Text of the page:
Insight into the cellular function of USP7 was provided by Li et al. , when they reported that USP7 specifically binds and de-ubiquitinates p53 and, therefore, stabilizes this key tumour suppressor. In keeping with these findings, overexpression of USP7 resulted in p53-mediated apoptosis . A previous report also linked USP7 to programmed cell death, as USP7 was found to be cleaved in primary thymocytes undergoing apoptosis . However, the role of USP7 in p53 regulation was recently shown to be more complicated than originally thought, as ablation of USP7 expression resulted in p53 accumulation as opposed to the expected destabilization of p53 [11,12]. This effect has been traced to the ability of USP7 to stabilize mdm2, an ubiquitin ligase that promotes the degradation of p53. Therefore USP7 appears to play multiple roles in regulating the p53–mdm2 pathway.
The EBNA1–USP7 interaction affects EBNA1 function
The region of EBNA1 responsible for the USP7 interaction was mapped by mutational analysis to within amino acids 395–450 . This sequence, which had not previously been functionally characterized, falls just N-terminus to the DNA-binding domain (residues 459–607) (Figure 1A). TAP-tagging experiments performed with an EBNA1 mutant lacking this sequence (Δ395–450) in human cells showed that this deletion disrupted binding to USP7 without affecting other cellular protein interactions.
Functional studies in human cells showed that the Δ395–450 EBNA1 mutant supported the replication of EBV-based plasmids four times more efficiently than did wild-type EBNA1, whereas the transcriptional activation activity was slightly decreased and the segregation function was not detectably affected by the same mutation . While purified USP7 was shown to de-ubiquitinate EBNA1 in vitro, the Δ395–450 mutation had no effect on the stability of EBNA1 in vivo [5,13]. The results suggest that USP7 binding inhibits the ability of EBNA1 to activate DNA replication. The reason for this inhibition is not yet clear but could indicate that (i) EBNA1 activity is regulated by ubiquitination, (ii) USP7 recruitment to the origin through EBNA1 affects the ubiquitination state and activity of cellular proteins at the origin or (iii) USP7 binding to EBNA1 physically inhibits the interaction of EBNA1 with the origin DNA or with cellular replication proteins.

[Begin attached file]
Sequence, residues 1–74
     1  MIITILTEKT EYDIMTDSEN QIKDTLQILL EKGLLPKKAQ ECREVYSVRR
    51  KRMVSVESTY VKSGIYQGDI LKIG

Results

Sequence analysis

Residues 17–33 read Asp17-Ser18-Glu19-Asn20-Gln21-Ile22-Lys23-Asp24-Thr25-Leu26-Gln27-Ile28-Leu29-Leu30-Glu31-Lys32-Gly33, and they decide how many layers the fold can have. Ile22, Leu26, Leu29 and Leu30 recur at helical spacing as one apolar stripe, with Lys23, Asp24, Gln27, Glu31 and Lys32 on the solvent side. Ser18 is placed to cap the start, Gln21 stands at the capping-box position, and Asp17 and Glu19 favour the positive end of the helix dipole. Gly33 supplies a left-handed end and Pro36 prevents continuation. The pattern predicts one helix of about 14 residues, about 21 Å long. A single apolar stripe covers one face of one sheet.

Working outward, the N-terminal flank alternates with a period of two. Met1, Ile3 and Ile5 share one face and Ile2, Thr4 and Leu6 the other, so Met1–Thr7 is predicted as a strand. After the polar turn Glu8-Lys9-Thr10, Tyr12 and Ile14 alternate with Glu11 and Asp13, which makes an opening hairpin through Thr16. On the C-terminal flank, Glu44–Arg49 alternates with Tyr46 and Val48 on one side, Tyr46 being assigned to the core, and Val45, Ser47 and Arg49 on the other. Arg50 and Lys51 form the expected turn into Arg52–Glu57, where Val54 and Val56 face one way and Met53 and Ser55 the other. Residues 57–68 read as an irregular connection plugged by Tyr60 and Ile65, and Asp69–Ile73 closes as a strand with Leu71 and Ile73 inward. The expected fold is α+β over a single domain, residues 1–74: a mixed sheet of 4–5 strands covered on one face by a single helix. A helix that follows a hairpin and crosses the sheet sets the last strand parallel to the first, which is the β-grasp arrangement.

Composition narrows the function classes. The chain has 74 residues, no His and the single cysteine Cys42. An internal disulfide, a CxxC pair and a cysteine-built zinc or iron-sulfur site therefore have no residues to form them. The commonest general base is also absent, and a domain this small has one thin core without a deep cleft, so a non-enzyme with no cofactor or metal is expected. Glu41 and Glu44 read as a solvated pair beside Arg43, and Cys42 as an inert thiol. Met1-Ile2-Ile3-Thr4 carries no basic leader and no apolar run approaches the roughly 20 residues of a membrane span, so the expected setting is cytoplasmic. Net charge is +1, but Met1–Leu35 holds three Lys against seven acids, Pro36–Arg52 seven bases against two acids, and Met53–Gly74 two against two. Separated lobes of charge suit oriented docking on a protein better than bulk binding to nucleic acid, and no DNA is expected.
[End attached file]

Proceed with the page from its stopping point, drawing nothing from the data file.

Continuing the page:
Domain structure of USP7
Partial proteolysis was used to define the structural organization of USP7 and identified four domains [13,14] (Figure 1B). The catalytic domain is composed of amino acids 208–560, and the crystal structure of this domain was recently solved . The N-terminal 200 amino acids are predicted to form a TRAF domain , and have been found to bind p53 . By passing a mixture of USP7 domains over an EBNA1 affinity column, we found that this N-terminal domain was also responsible for the EBNA1 interaction . The C-terminal half of USP7 is comprised of two structural domains, and we found that one of these (residues 599–801) mediates the interaction with ICP0 . It is not yet known which of the USP7 domains is responsible for the interaction with mdm2.